Porsche knows not to mess with the 911, but also knows how to weave in progress

We’ll see a brand-new Porsche 911 before the end of the year. Passing the torch from one generation to the next is always a big moment for the brand. The 911 unquestionably remains one of the most emblematic cars ever designed and it’s still the backbone of the Porsche lineup. That’s why the styling won’t take a dramatic leap forward. Images of a fully camouflaged pre-production prototype confirm the next-generation model (called 992 internally) will look like a 911. What else did you expect? The tech under the sheet metal will evolve significantly, however.

“We know where we’re from and we know where we want to go,” August Acheitner, the director of the 911 model line, explained in an interview. Porsche prudently wants to stay true to the 911’s spirit, but it can’t afford to ignore industry trends like digitalization, electrification, and connectivity. Acheitner and his team members took each of these areas into consideration when they began developing the “992.” Engineers picked out which features they could incorporate into the 911 right away, set aside the ones they’d come back to in the future, and put the ones that would dilute the formula back on the shelf.

He’s not ready to reveal the recipe they’ve selected. We expect the next 911 will receive the clever InnoDrive software already offered on the Panamera and the Cayenne. Think of it as a super-cruise control system that doesn’t neuter a sports car’s impulses. It’s on when needed and off when it’s not. The 911 might come with other electronic driving aids, too, but Porsche isn’t trying to force tech onto buyers. One thing is crystal clear: the 911 will always have a steering wheel. Acheitner stresses his baby will be one of the last cars on the market to drive autonomously.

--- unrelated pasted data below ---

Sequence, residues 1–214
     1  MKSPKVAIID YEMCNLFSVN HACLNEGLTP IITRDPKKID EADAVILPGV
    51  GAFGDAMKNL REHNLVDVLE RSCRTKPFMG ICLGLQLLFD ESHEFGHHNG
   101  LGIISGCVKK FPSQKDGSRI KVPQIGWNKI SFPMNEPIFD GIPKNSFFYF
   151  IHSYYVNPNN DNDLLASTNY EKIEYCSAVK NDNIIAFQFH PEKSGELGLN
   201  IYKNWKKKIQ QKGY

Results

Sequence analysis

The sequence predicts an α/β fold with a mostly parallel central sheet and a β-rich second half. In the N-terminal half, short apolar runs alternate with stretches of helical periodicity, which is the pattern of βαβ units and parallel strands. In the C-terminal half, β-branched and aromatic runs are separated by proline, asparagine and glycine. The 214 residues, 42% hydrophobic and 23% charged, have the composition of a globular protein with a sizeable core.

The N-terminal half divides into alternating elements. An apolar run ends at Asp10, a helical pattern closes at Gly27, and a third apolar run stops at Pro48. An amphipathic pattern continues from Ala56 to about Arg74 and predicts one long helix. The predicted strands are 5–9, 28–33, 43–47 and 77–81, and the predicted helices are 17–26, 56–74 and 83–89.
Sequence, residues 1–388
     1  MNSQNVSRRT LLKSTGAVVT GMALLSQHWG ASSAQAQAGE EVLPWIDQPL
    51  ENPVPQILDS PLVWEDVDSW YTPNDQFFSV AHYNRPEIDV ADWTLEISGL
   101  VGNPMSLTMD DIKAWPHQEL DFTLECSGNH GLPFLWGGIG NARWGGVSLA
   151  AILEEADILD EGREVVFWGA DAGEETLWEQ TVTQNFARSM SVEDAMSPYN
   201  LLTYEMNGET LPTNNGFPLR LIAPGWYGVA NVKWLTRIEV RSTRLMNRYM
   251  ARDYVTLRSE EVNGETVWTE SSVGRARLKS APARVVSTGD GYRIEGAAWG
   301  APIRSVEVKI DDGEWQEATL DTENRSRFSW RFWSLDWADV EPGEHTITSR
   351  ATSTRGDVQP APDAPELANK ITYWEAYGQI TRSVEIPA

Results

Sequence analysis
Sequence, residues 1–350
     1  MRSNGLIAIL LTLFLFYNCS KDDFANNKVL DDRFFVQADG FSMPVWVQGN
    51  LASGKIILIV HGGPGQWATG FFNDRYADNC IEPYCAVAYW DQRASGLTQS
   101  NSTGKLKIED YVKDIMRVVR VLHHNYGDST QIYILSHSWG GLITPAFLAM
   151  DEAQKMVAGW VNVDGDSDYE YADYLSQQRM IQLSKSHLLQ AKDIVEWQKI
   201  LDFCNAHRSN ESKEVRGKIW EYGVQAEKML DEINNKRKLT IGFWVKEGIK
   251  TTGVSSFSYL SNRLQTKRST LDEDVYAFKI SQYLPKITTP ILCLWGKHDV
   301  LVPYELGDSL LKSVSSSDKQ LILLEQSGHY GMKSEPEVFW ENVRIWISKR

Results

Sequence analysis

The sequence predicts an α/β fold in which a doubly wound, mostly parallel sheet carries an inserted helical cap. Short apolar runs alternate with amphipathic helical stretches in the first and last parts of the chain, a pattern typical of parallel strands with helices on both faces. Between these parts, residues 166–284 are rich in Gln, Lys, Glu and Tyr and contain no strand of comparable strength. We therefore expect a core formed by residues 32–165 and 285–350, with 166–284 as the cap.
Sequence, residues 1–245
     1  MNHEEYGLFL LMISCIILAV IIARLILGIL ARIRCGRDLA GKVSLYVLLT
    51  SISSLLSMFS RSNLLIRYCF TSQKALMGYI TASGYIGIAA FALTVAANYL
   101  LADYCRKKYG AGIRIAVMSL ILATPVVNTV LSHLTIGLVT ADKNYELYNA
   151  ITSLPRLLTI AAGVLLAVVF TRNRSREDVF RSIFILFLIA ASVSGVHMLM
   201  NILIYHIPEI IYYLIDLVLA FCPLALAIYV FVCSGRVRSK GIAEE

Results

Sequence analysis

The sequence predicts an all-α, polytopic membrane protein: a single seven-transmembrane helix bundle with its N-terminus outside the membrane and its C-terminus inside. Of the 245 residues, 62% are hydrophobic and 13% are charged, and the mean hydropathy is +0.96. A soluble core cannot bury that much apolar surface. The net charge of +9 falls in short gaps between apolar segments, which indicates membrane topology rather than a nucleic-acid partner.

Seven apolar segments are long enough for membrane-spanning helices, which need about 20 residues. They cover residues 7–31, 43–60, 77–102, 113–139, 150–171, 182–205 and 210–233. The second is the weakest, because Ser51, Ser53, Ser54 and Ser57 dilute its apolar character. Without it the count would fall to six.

The big question mark hovering above the next 911 is whether it will incorporate electrification. Acheitner, like other top Porsche executives, hinted it’s a strong possibility. He didn’t explicitly confirm it, but he highlighted the model’s tendency to evolve mechanically over the past couple of decades. First, it adopted water-cooled engines. Then, more recently, the Carrera models downsized and went turbo-only. Electrification seems like the next logical step forward, very likely in the form of a plug-in hybrid drivetrain capable of running on battery power for short distances.

Porsche laid the rumors of an all-electric 911 to rest — at least for the time being. While the next-generation model won’t offer a pure electric option, the 911 could lose its flat-six sooner or later. “Two years ago I’d have said no way. Today, I wouldn’t categorically rule it out,” Acheitner remarked.

We’ll learn additional details about the next 911 in the coming months. Porsche hasn’t revealed its debut date, but we expect it will break cover this fall and arrive in showrooms next year as a 2020 model. That means the current, 991-generation car will stick around for one final model year.

Speaking of, Acheitner’s team isn’t done with the 991. It produced the most powerful naturally aspirated engine ever fitted to a street-legal 911 and stuffed it between the rear fenders of the updated GT3 RS. On sale now, the model will make its public debut next month at the Geneva Auto Show.

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